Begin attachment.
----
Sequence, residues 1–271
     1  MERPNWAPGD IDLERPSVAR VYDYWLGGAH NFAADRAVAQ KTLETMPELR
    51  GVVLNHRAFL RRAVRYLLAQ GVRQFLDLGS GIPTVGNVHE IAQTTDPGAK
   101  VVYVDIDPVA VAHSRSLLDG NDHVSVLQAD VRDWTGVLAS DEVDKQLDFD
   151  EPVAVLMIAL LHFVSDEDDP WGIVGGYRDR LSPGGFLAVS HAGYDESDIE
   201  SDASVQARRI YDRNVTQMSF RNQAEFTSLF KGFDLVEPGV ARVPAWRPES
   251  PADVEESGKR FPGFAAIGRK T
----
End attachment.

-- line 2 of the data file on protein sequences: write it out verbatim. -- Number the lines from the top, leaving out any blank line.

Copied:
     1  MERPNWAPGD IDLERPSVAR VYDYWLGGAH NFAADRAVAQ KTLETMPELR